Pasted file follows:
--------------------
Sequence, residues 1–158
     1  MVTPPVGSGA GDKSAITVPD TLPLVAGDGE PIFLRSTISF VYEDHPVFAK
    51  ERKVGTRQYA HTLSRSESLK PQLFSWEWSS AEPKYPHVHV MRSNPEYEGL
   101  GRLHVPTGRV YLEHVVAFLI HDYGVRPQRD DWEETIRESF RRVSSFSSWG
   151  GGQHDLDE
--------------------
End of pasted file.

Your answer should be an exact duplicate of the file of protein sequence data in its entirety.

Sequence, residues 1–158
     1  MVTPPVGSGA GDKSAITVPD TLPLVAGDGE PIFLRSTISF VYEDHPVFAK
    51  ERKVGTRQYA HTLSRSESLK PQLFSWEWSS AEPKYPHVHV MRSNPEYEGL
   101  GRLHVPTGRV YLEHVVAFLI HDYGVRPQRD DWEETIRESF RRVSSFSSWG
   151  GGQHDLDE